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Reproduced under a CC licence
This blog post is borne out of recent "intensive" screencasting sessions done on Camtasia in our University creative media suite. I must say I was impressed by Camtasia 8 and it made my particular screencasts (focused on aspects of Turnitin functionality for my Turnitin project) much easier to complete.
Now this is a top 5 mainly for those that maybe have not had much experience in screencasting, and I am going to keep it pretty brief (just like any good screencast).
1. Know your subject
Sounds fairly obvious I know, but if your demonstrating a particular aspect of a software program you really need to know how that particular element of functionality works, right down to its little idiosyncrasies.
Not used this acronym for a while but the old maxim "Keep It Simple Stupid" does apply here. This means both keeping the material your presenting easy to follow, but also holding back on some of the bells and whistles that are available in many screencasting programs that are oh so tempting to use. Finally try to keep the screencast to no more than 3 minutes. If it needs to be longer, split it into two parts.
3. Script it
Perhaps the most important point of all is to script your screencast, and in fact storyboarding is also a very good idea. Scripting means writing down exactly what you want to say verbatim. This prevents needless screencast "re-takes", as it is amazing how the power of speech fails somewhat when you are recording (speaking from experience here!).
Storyboarding your screencast should come before the scripting. Storyboarding is the process of "sketching" out what you want to cover in the presentation. The way I do it is to have a two column template with the visual on the left hand side, and prompt text on the right. This way, you make sure you have not missed anything vital in the material.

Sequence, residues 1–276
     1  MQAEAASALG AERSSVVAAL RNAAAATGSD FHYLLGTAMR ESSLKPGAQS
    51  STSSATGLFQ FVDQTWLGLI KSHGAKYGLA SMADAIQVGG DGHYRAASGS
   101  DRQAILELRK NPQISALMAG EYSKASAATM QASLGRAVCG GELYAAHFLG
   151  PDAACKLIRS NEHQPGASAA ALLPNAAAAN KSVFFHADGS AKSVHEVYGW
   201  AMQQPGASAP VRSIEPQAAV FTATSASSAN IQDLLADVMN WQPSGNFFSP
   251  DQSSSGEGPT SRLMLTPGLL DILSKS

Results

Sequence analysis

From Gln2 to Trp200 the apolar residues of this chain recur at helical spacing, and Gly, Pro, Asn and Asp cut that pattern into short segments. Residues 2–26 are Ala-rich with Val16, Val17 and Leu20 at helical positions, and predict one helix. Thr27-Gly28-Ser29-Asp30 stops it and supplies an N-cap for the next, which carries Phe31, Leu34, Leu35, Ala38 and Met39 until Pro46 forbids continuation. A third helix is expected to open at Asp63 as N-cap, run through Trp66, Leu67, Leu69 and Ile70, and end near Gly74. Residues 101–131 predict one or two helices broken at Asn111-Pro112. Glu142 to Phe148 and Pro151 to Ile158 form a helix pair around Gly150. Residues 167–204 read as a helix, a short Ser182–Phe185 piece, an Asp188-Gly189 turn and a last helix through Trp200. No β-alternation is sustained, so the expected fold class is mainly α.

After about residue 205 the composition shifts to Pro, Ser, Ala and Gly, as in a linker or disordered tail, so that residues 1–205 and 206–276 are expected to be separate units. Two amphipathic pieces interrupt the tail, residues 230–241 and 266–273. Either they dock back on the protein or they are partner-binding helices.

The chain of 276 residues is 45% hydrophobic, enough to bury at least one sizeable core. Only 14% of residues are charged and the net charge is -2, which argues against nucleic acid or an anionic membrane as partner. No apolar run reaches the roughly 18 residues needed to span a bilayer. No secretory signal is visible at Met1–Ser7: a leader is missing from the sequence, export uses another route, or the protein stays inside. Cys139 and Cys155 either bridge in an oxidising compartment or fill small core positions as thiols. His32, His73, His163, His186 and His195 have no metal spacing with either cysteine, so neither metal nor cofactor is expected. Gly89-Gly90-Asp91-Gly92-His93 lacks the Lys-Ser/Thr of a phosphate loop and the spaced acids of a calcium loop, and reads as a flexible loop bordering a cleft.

4. Testing testing
When it comes to using any audio/visual software/hardware it is a good idea to demo levels first. You don't want the audio to be "clipping" (meaning too loud) and you dont want the video to look blurry or hard to see. Simply record a short 30 second test, export it to your desired format (avi, mp4 etc) and check that everything seems ok.
This tip appeals to the recording musician side of me, but I do think it has a place here. Using a decent microphone going into a reasonable soundcard will give you a clear audio track, which serves to make your screencast sound more professional. If you are doing a quick screencast, which maybe has a limited audience, then the headset microphone would do just fine. However, if your wanting to get across detailed information about a subject, then the audio does need to be clear and consistent.
Ok, so that is my brief top 5 based on recent experience, if you have others then feel free to share!